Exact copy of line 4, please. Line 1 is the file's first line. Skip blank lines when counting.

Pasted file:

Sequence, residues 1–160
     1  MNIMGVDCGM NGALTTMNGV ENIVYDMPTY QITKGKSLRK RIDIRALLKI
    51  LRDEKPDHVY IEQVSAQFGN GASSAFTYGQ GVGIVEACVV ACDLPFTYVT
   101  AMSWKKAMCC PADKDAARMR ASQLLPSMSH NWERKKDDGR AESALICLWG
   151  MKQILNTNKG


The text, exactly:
   101  AMSWKKAMCC PADKDAARMR ASQLLPSMSH NWERKKDDGR AESALICLWG